Fit and focused, an Oregon father and runner rebounds after an aortic valve replacement procedure by the same surgeon who treated his mother.
In August 2021, Ben Hildner went out for a 4-mile run — no big deal. He’d run a 52-mile ultramarathon in June. He was as fit as any runner could hope to be.
But he was only one block into a steep run up Mount Tabor in southeast Portland, Oregon, when without warning his vision got blurry, and his body went numb. Thinking he was going to pass out, he took a seat on the curb for a minute or 2. He tapped 9-1-1 on his phone, but started feeling better, and finished his run.
But when it happened again 3 days later, he knew he was in trouble. After calling Kaiser Permanente, he was urged to visit the emergency department immediately.
The bad news: One of Hildner’s aortic valves no longer opened properly, which forced his heart to work harder to push blood through. His cardiologist told him that if he didn’t have an aortic valve replacement operation, he’d be dead within 2 years. It was a dire prognosis and, as a recently divorced father of 2 sons, Hildner was terrified.
The good news: The ailment is hereditary, and his surgeon would be Yong Shin, MD, the chief of cardiothoracic surgery at Kaiser Permanente Sunnyside Medical Center, who had performed the same procedure 6 years before on Hildner’s late mom, Anita. The passion, expertise, and talent of Dr. Shin and the entire team continues to drive national recognition for the Oregon-based cardiac program.
“It was an enormous relief when I heard that he was going to be my surgeon,” Hildner said. “Because I was like, I know that guy. He's brilliant. He did amazing work with my mom.”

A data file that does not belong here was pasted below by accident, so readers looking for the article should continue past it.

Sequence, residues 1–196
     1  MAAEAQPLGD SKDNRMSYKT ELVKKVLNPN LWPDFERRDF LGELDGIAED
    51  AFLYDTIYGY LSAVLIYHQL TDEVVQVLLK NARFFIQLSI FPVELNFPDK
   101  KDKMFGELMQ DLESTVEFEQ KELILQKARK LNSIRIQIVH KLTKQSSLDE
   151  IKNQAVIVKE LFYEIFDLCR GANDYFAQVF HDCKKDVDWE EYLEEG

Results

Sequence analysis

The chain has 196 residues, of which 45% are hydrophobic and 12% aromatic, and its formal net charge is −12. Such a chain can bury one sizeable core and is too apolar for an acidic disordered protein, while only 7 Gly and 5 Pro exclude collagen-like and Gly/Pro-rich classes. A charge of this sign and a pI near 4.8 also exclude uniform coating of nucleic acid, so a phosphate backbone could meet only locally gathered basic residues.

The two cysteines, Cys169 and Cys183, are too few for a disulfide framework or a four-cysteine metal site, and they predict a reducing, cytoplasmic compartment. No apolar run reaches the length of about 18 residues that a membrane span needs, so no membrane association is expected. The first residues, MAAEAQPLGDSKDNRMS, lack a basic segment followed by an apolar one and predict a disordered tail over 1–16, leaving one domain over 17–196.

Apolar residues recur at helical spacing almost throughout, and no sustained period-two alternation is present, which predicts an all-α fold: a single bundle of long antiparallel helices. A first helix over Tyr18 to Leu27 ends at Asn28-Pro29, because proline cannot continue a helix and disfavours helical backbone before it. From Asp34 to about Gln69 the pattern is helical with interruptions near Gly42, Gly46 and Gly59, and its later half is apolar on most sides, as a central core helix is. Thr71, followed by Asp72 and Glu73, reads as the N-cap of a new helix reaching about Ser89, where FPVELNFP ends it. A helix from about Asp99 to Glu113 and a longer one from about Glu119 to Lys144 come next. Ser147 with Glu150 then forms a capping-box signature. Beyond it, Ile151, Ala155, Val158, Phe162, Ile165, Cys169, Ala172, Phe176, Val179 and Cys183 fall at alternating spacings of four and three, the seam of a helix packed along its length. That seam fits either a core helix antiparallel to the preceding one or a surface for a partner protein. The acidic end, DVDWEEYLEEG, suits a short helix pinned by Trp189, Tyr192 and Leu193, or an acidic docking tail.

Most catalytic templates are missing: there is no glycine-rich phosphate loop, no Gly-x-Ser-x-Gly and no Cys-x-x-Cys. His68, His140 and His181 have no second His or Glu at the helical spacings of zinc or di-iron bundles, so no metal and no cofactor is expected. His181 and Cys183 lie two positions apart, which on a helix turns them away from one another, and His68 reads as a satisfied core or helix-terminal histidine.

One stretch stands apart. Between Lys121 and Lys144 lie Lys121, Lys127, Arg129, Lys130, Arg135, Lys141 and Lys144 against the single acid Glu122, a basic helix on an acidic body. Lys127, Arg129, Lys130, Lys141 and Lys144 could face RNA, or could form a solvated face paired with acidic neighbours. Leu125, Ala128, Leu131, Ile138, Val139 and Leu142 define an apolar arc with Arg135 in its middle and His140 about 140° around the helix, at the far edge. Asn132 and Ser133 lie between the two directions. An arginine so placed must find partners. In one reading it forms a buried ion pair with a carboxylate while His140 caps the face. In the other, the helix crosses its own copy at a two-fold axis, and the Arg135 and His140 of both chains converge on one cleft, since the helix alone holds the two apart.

In October 2021, about 6 weeks after Hildner had seen his cardiologist, Dr. Shin removed the malfunctioning valve and replaced it with an artificial device during open heart surgery.
For Dr. Shin, this is a routine procedure. But performing the same surgery on a mother and then her son is not routine at all.
“When a patient tells you that you operated on their mom or their dad, it’s very humbling,” Dr. Shin said. “I feel blessed to be able to help.”
Once Hildner got home, he started walking, slowly building up his stamina. He did so in his pajamas, not caring a bit what people thought.
“You know, nobody can judge me,” he said. “I'm just going to go outside in my pajamas every day for as long a walk as I can tolerate. It took maybe 2 weeks before I could walk to the top of Mount Tabor.”
His recovery is now complete. In October 2022, he ran a 50-mile ultramarathon in 11 hours, 31 minutes — an emphatic and emotional return to one of the great passions of his life.
“At one point in my run I broke down crying,” he said. “There was no one around, and I just broke down. I was in the middle of Montana, one week away from the anniversary of my replacement, and it just hit me.”
“I am very, very grateful to Dr. Shin and the care team.”
But, Dr. Shin said, the admiration and gratitude go both ways.
"I'm so glad that Ben is doing well. One of the greatest gifts that we get as physicians is to know that your patient is doing well. And to have someone like Ben, you know, who sends me cards or thank you notes saying, 'Hey, I just ran this ultra-marathon.' ... it's just amazing."